It feels like just yesterday when I, a young, eager, bright-eyed car blogger still capable of feeling emotions, was writing about the next Nissan GT-R. It’d be faster than ever, I thought! It’d have hybrid power next time, like that Nissan LMP1 car nobody remembers now! We were even gonna call it Mecha Godzilla, because that seemed clever at the time. But like a next-generation Z, if you’re waiting for a new GT-R, you’re gonna be here a while.
GT-R boss Hiroshi Tamura told Australia’s Motoring that he’s ready to go make the next iteration of this beastly performance car. What he’s waiting on, he said, is the board at Nissan to give it a green light—even as he’s running up against mandatory retirement age:
Talking technology, Tamura says he is waiting for board-level choices on the powerplant for the next GT-R. He is now 58 and can see compulsory retirement coming at 60, but wants to drive the change through to the next generation.
“I have to wait. I am just the GT-R lead conductor for the orchestra. The company will show me the members of the orchestra. They need to decide who will play the violin and who will play the trumpet.”
And he said earlier:
“I have it in my mind, but not for outside. So nobody knows. I cannot tell you,” Tamura told carsales at the Australian launch of the 50th Anniversary Edition Nissan GT-R and 370Z this week.
“But I can say, imagining for a next-generation [car] is already in a chat. Talking about the solutions.”
In other words, the man knows what he wants to do there, but is waiting on the company to actually decide something.
That may take a bit. It’s no exaggeration to say Nissan is a company in crisis, at the moment. Former boss Carlos Ghosn is facing criminal financial misconduct charges in Japan, sales are down, brand identity and forward direction are unclear, the lineup is aging, jobs are being slashed globally and like everyone else, it’s staring down the barrel of another economic downturn. So it feels like a suboptimal time to put resources into an expensive and high-tech sports car, especially one that does a lot for street cred but doesn’t sell in substantial volumes.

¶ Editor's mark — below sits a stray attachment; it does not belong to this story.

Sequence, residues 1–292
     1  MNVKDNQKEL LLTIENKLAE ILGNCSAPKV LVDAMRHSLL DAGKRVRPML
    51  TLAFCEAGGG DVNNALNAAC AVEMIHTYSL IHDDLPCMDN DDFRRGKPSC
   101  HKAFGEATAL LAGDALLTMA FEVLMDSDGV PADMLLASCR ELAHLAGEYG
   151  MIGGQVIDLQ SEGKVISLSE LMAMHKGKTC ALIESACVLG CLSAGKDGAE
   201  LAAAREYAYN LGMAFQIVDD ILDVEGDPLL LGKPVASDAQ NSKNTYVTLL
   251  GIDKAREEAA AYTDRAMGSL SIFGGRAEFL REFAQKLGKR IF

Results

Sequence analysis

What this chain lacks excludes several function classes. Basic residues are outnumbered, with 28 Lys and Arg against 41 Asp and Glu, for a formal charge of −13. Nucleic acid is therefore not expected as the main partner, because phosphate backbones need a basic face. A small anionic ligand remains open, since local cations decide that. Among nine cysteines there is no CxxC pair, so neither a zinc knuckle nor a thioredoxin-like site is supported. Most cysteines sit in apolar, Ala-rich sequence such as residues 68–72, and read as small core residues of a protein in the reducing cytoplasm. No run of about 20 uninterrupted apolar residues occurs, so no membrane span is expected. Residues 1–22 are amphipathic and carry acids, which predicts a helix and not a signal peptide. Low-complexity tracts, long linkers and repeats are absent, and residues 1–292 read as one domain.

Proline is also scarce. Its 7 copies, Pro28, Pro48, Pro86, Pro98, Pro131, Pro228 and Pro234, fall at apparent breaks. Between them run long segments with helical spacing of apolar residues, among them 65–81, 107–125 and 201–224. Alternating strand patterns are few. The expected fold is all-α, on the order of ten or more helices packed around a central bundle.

The good news, I suppose, is that Tamura seems confident the current GT-R can still hang on for some time. Maybe even another decade, he told the magazine, although I think this comes with some hyperbole:
He believes the current GT-R program could easily run for 20 years without major changes to the mechanical package for the twin-turbo V6-powered all-wheel drive supercar, and points out that the existing R35 is only coming up for its 12th birthday.
“We are still just at 12 years. This body construction I want to keep for as long as possible.”
[...] But as Tamura points out, Godzilla was basically unchanged under the skin through the R32, R33 and R34 generations over 14 years, while the latest R35 was effectively renewed as recently as 2017.
“Yes, R35 is long [in terms of age]. But for model year 2017 it is almost a new body shape. The body is technology.”
In terms of performance, it can certainly stay relevant that long. Its modern example can do zero to 60 mph in under three seconds and can still squash much more expensive cars. We found out just how brutally fast the GT-R still is when we tested one last year.
But can it really stay in production another decade, as safety and emissions standards get ever stricter? The days of a single car sticking around that long are all but over, thanks to regulations. This is purely speculation on my part, but if it does, I could see Nissan pulling a Lotus and just choosing not to federalize it for the U.S. market.
I hope Nissan gets its shit together and figures out a real future for this car, maybe something that pushes the envelope further than ever. But it feels like a bad time to try.